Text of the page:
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Mexico Cuisines (Recipes)


Mexico Cuisines (Recipes)

A Space for your favorite Mexican Food Recipes. Add them in the comment box.

Members: 34
Latest Activity: Feb 24, 2014

Discussion Forum

Tostilocos-New Recipe

Started by George Puckett Jan 21, 2012.

Mexican Must-Haves (Finds for the Pantry

Started by Carol Billups Nov 29, 2009.

recipe for Chili Verde 1 Reply

Started by Gloria Brandt. Last reply by Carol Billups Nov 6, 2009.

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Comment by George Puckett on January 21, 2012 at 7:53am

Tostilocos also reminded me of another "slice-open-the-bag-of-chips" treat, the Frito Pie, where a bag of Fritos is opened and chili and cheese piled on top of the the chips. It's popular in Texas, which is not surprising since Texans claim both Fritos and chili as their own.

There are lots of versions of Tostilocos, some ingredients that get added to the chips include chopped cabbage, diced tomatoes, peanuts, jicama, tamarind, lime juice, bacon, grated dry Mexican cheese. But really, the sky is the limit. I think a DIY version would be fantastic to serve at a Super Bowl party! Here's my basic recipe, but feel free to experiment and create your own.


1 small package tortilla chips (about 2 ounces), preferably salsa verde
3 Tablespoons cucumber, peeled and diced
3 Tablespoon chopped tomatoes
2 Tablespoons jicama, peeled and diced
2 Tablespoon roasted peanuts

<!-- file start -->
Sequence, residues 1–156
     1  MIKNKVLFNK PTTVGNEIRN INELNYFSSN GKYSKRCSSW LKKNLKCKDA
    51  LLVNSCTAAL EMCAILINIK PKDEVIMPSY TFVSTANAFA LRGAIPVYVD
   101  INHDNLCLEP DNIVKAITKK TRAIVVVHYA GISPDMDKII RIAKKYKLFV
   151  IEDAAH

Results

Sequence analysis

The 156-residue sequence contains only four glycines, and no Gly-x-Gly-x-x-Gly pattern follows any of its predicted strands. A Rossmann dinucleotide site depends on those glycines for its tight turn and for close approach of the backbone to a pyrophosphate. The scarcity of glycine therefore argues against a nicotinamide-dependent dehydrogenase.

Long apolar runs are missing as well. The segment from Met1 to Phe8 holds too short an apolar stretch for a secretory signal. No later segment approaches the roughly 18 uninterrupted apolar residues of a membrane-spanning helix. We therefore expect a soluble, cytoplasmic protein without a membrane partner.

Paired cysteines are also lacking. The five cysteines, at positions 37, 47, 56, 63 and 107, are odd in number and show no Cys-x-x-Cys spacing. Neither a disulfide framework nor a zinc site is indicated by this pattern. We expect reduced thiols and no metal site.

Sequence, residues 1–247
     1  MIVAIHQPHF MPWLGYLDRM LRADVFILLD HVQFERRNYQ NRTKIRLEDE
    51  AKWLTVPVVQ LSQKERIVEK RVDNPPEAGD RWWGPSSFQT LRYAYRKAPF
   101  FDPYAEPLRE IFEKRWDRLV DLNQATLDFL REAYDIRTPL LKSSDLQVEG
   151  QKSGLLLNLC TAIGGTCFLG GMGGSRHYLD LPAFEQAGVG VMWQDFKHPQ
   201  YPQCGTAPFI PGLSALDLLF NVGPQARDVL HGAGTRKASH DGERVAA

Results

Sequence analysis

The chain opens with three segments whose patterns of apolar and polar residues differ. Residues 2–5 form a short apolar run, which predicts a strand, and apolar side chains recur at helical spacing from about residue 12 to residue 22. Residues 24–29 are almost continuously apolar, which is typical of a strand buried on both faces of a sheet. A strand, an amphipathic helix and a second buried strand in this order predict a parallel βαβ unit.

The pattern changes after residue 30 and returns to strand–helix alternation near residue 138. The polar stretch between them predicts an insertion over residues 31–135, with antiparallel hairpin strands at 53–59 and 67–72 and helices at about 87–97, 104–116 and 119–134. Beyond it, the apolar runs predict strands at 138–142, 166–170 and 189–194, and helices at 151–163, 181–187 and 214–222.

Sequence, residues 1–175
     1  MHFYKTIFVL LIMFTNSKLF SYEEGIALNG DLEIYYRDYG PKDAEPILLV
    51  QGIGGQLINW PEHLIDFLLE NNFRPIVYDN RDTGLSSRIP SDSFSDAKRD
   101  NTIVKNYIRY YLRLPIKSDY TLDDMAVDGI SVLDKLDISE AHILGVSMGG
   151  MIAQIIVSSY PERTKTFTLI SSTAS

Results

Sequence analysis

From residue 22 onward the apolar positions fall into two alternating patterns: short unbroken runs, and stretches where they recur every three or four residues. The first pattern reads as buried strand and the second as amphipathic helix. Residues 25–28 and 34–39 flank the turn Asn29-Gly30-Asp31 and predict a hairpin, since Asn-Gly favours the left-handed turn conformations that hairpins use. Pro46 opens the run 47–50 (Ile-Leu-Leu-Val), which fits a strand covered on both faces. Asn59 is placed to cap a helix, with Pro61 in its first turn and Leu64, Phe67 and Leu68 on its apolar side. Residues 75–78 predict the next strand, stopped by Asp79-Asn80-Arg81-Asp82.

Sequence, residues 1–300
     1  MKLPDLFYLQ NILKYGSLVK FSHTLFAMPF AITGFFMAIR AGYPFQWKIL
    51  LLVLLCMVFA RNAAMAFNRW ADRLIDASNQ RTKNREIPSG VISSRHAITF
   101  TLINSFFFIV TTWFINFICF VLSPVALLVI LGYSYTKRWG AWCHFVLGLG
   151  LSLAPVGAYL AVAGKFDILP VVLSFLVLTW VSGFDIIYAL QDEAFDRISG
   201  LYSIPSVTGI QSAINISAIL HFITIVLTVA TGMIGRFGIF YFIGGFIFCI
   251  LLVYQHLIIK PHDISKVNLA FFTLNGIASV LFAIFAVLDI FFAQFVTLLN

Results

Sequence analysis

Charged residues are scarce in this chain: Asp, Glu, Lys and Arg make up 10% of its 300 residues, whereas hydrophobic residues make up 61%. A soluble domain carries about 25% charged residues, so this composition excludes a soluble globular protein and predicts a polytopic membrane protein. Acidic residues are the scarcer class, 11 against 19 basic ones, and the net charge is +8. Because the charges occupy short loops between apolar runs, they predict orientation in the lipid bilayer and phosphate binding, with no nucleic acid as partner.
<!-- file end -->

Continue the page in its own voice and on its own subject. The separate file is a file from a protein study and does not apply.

1/2 small lime
Hot sauce to taste, preferably Mexican

Slice the bag of chips open, lengthwise. Open the bag of chips and top with the cucumber, jicama, tomatoes, and peanuts. Squeeze the lime and hot sauce over the toppings and serve.

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Comment by BOBBY COX on June 5, 2010 at 11:49pm
Mexican cheeses are just out of this world.... President Porfirio Diaz allowed Mennonites to immigrate just because they made great cheese.
Check these mouth watering morsels out.

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Comment by Carolyn Pauline on June 5, 2010 at 11:18pm
Thanks Carol. We have lots of Latino markets in our area and will check them out.
Comment by Carol Billups on June 5, 2010 at 9:19am
I would imagine you could do that, or check in a latino market or in the latin food section. Hint: it probably is packaged in a cellophane envelope, not a normal spice jar. Hope this helps!
Comment by Carolyn Pauline on June 5, 2010 at 12:20am
I"ve never seen oregano powder here at home. Do I have to buy it in Mexico, or could I just grind oregano? The recipe looks good and I want to try it asap.
Comment by George Puckett on March 4, 2010 at 2:52pm
The Best Homemade Enchilada Sauce
Posted: 04 Mar 2010 05:01 AM PST

Enchilada sauce is very easy to make, and once you've tasted it you'll never want the canned store-bought stuff again. It's perfect not just for enchiladas, but also for nachos, tamales, dribbled over tacos, burritos, huevos con chorizo or as a base for chile con carne-- you get the picture. I like to use it as a base for a delicious red sopa de albondigas, too. Really, its uses are endless. This may be the most versatile Mexican dish you ever make.